The energy industry continues to struggle to develop enough natural gas storage capacity to keep pace with the growing U.S. market, and several new gas storage facilities will have to be added each year just to keep up, according to North American gas storage executives.

However, Rick Daniel, president of AEC Storage and Hub Services, said recently that the mature North American storage market doesn’t offer many opportunities for “low-hanging fruit, where you can go into a region and find a very obvious storage development opportunity at low cost that can easily be brought on.” Instead, it has become a “technology play,” where companies work the economics by finding the “best quality reservoir” to ensure “optimum development.” That, he said, won’t always work.

A lot of attention has been placed on how quickly the U.S. demand for gas will grow, Daniel said, which by some accounts will be up 42% from 1998 levels to 31.3 Tcf in 2015. Less attention has been placed on storage capacity, which he said for the same period is only projected currently to grow 25% to 4 Tcf. That storage growth won’t match peak day demand, which is projected to grow 37% to 152 Bcf by 2015.

Daniel, whose company operates the Wild Goose Storage Inc. facility in Butte County, CA, said the lack of storage capacity is especially acute in California, but there, regulatory problems make development even more burdensome. Companies may be ready to move in and add more natural gas storage capacity in California, but would find the regulatory process daunting.

AEC Storage, a subsidiary of Alberta Energy Co. Ltd., has filed an application with the California Public Utilities Commission to double the Wild Goose field’s size and triple the withdrawal capacity after a successful open season (see NGI, June 25).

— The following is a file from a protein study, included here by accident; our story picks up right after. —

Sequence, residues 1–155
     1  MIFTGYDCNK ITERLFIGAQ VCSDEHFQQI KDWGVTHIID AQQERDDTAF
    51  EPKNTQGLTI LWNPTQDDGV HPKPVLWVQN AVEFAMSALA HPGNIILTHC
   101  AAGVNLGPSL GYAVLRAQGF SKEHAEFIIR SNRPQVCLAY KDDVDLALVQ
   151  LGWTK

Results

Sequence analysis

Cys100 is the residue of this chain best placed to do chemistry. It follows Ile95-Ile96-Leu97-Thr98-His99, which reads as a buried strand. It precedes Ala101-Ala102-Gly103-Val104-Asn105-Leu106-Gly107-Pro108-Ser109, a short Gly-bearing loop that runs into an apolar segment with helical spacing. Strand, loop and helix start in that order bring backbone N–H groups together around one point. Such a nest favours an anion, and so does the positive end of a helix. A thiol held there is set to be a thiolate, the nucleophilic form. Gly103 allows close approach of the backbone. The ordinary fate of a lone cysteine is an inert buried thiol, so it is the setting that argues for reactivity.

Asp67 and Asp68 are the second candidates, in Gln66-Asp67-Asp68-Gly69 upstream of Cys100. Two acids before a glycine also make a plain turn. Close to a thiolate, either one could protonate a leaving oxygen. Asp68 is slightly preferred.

“There’s obviously a need for more storage capacity in California,” Daniel said. But he said it takes a “long time” to develop storage in a particular area, including finding a suitable reservoir location and development of the salt cavern. He said that under “normal regulatory processes,” AEC does not expect to have more capacity at Wild Goose before April 2004. However, “most of that (time) is regulatory, not construction time.”

El Paso Corp.’s Byron Wright predicted that in the next two to three years, several storage capacity additions would be added across the United States. Wright said pipeline companies would add capacity as they prepare for the expected rise in gas-fired generation demand. Storage investments will allow pipelines to balance their loads on a “day-to-day basis,” he said.

AEC claims to have 22% of the independent storage capacity in North America, and Wild Goose is the only independent gas storage facility that is licensed in California, Daniel said. Overall, he said independents hold about 13% of the total North American natural gas storage capacity, totaling about 559 Bcf of working gas volume. Another 48%, or 2.1 Tcf, is controlled by federally regulated interstate pipelines and 39%, or 1.7 Tcf, which is operated by state-regulated utilities.

Because most North American storage facilities are operated by utilities and interstate pipelines, Daniel said that there is not enough of an economic incentive to optimize capacity. “There are opportunities they are not moving on,” he said of energy companies, mostly because of regulatory reasons. Investors are discouraged by what he called “over-regulation,” and added that he “wouldn’t hold my breath” waiting for many regulatory changes.

Daniel said one possibility being overlooked is expansion of existing facilities, which he said AEC is focusing upon. He said there was an “awful lot” of capacity the energy industry could develop from existing facilities.

Storage capacity also is difficult to predict, Daniel said, and even more so now because of fuel switching. However, while the storage industry is “well positioned to capture new opportunities,” he warned that it could lose them to alternatives “such as overbuilding pipeline capacity.”

Not many new gas storage projects have been announced, and Daniel suggested that the reason may be in how strategically important storage has become in the past with the “high level of mergers and acquisitions as companies scramble to acquire what they view as an important part of the value chain” into the future.

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